Also, 500 words is not a long essay. And standardized tests and grades are a poor judge of talent.
Agreed on both points. I think what all this boils down to is that the key to getting better answers is to do away with the questions. More schools are making SAT scores optional because, while it makes for easy racking and stacking, it tells you very little about the applicant beyond "alble/unable to score well on a big test." In reality, most of the application items are little more than good/neutral/bad check boxes (insert generic off-topic D&D joke here if you must). Outside of the truly exceptional and the painfully unqualified, most applicants are largely indistinguishable when judged by the typical criteria.
And then there's the essay. This should be an opportunity for the applicant to fill in some of the gaps left by the application, but all too often it is filled with trite nonsense like the example essay. The alternative is the set of mini-essays, but I personally despise that sort of application (any school that required one of those types of applications was immediately crossed off my list). Judging from the comments here, people tend to strongly prefer one, the other, or something else entirely. Maybe there's some utility in using the format to narrow the focus to particular personality types, but I don't see how employing a rigid structure in this part of the application is any more useful than requiring SAT scores.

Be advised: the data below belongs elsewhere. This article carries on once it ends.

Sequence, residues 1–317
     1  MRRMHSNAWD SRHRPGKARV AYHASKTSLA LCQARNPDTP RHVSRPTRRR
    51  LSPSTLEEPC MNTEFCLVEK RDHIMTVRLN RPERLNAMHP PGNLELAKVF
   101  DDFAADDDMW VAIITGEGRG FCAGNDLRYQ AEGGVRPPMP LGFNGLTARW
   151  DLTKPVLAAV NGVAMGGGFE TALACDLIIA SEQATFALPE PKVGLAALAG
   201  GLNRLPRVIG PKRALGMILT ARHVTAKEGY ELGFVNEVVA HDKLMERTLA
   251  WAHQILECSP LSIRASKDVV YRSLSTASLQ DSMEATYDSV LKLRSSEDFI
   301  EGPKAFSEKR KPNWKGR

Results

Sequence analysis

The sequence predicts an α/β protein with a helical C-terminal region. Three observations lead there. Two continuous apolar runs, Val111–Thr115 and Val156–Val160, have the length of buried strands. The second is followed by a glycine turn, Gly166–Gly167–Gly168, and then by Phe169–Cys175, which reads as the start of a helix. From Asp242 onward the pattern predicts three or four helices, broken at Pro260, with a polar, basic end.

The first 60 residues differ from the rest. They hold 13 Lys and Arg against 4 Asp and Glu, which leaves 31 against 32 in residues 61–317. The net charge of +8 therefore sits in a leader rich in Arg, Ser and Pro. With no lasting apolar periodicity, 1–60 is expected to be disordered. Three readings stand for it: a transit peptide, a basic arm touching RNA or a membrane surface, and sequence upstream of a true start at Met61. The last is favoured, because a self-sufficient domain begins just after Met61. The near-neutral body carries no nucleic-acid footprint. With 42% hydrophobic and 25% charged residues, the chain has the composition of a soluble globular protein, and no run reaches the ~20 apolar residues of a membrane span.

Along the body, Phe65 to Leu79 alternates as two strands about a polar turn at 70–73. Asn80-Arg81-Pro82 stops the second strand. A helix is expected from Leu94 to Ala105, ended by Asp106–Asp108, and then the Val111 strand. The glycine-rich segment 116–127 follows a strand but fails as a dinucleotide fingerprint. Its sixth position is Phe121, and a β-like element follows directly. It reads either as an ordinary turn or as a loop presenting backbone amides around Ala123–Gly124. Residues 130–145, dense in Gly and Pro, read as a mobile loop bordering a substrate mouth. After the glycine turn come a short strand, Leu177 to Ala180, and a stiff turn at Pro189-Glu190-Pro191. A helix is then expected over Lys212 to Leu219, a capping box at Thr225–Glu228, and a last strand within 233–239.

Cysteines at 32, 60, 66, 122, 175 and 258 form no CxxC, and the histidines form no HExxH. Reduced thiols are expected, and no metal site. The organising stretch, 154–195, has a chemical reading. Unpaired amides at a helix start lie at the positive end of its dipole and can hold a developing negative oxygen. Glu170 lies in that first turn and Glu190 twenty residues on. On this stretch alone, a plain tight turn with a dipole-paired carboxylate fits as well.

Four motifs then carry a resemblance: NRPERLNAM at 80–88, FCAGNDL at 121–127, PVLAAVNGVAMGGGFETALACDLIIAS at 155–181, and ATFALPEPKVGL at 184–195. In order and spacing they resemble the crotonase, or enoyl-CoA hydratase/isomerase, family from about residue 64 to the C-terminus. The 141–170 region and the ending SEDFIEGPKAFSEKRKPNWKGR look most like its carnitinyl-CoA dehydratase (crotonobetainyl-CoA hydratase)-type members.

My own opinion is that all of this should be optional but encouraged, with no limitations or requirements. Applicants who don't include something aren't penalized, but those who do have the advantage of presenting a more complete picture of themselves to the admissions staff (and anyone who sends a thousand-page manuscript is automatically rejected, no matter how ornate the binding is). The minimum/maximum lengths and BS topics absolutely have to go. Giving examples of preferred topics is helpful, but any required elements will make the essay less about the applicant and more about the requirement. Opening this part up to more than just essays (while requiring that it be the applicant's own work) is probably ideal, but I can understand why an admissions office would want to avoid truckloads of abstract sculptures and creative uses of fecal matter.
Personally, it didn't take me long to realize that I could just take something that I wanted to write and fit that to the essay topics. Once you understand the purpose of the essay, it becomes a simple matter to come up with an answer without knowing the question. When I applied to college, I wrote one essay and sent it with each of my applications. Aside from the 500-word limit (mine is 1850 words), it fits the topic of the MIT essay in question (not perfectly, but it wouldn't take too much massaging to fix that). It didn't get me into Harvard or anything, but it served its purpose and didn't require any effort to be wasted on bullshitting.
(Padding to reach 500 words.)